The British commander repeatedly out-maneuvered the Americans before, during, and after the battle, so they were forced to withdraw further up Manhattan Island to the heights later named for General Washington. And then they skedaddled all the way across New Jersey to Pennsylvania. The city had been spared, only to have much of it burned to the ground in the Great Fire less than a month later, on the night of September 20.
Originally drawn by British Army engineer John Montresor, the specific map Washington used is housed in the collection at Yale University Library.
The City of New York in 1776. Broadway has 13 blocks (it is now 13 miles long.) What is City Hall today and its park were still an “intended square or COMMON.”
Part of Greenwhich Village and the estate of one Lady Warren (née DeLancey,) the recently deceased widow of the intrepid Admiral Sir Peter Warren of the Seven Years War with France, whose remains were interred in Westminster Abbey after an illustrious career in Parliament.
Never losing his nerve, George Washington survived to fight another day, and many other days yet to come, beginning with the surprise attack victory at Trenton, New Jersey, on Christmas Day, 1776.
Six years of savage fighting later, George Washington returned to New York to say bid farewell to his officers at Fraunces Tavern, which still stands at 57 Pearl Street. General Washington did not know he would soon return to the City of New York, the first national capitol of the United States America, were he served as its first President.
I first learned of this NYC map thanks to the very cool article in Smithsonian Magazine on Washington’s personal map collection, in November of 2010, currently available on line at the link below.
A True Atlantis, Zealandia Sank Beneath the Sea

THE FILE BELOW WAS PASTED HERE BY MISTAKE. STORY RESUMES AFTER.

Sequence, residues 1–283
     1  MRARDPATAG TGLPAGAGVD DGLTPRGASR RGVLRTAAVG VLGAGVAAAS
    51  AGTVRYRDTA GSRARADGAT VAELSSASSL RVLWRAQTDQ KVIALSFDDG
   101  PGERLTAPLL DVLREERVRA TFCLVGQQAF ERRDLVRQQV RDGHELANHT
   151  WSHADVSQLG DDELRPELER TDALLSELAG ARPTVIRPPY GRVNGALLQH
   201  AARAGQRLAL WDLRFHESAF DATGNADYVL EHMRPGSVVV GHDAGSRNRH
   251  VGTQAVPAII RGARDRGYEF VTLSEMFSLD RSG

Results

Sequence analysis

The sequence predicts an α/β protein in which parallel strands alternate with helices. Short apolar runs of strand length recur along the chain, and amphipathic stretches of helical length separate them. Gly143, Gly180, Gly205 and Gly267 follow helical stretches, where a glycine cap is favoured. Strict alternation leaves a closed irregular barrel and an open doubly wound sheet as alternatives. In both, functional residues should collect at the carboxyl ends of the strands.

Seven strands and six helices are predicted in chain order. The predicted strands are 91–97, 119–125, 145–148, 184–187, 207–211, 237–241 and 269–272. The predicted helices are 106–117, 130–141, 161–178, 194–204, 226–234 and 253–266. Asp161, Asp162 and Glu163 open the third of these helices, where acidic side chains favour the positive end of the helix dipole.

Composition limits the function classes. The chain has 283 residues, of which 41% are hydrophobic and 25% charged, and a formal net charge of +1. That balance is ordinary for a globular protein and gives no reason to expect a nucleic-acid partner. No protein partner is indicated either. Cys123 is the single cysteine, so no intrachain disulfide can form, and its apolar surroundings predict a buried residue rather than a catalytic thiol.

The eighth continent really existed for over 100 Million Years!
New Zealand and New Caledonia are all that remain of a lost eighth continent, now known to science as Zealandia.
But at the time Zealandia was above water, what is now New Zealand’s South Island was positioned to the east of North Island, with its current southwest tip pointing to the northeast. It swung around to its current location with the continental plates long after the rest of Zealandia was lost beneath the briny waves.
Schoolchildren often imagine with wonder how islands are really the tops of underwater mountains. But in this case, the island nations of New Zealand and New Caledonia aren’t the tops of individual marine volcanoes; they are actually the highest parts of a continent half the size of Australia that contained its own species of land plants and air-breathing animals reaching back to the time of the Early Cretaceous, when Titanosaurs like this Saltasauras left their footprints as they grazed on the vegetation of Zealandia and co-existed with other exotic species known only by small fossil fragments.
More interesting to me is the fact that much of land remained above the waves until “only” about 25 million years ago, meaning the dinosaurs had nearly 20 Million years to evolve into unique species after Zealandia separated from Australia, and some 40 Million more years followed their extinction, when unknown lifeforms replaced them and continued to evolve on what is now the lost continent of Zealandia.
This BBC article reveals fascinating details about 400-year search to find the predicted “eighth continent” once thought to be hiding somewhere between Australia and South America, and the modern scientists who eventually found out what happened to it.
Would that it really was still your party!
National Republican Platform as adopted by the National Republican Convention, held in Chicago, May 17, 1860
My Mind Turns to Mad Dog Mike Curtis on Super Bowl Eve
The NFL Hall of Fame inductees will be announced tonight. One name that has faded out of sight is that of my childhood sports hero, Mike Curtis, the only linebacker to make All Pro at the Outside and Middle positions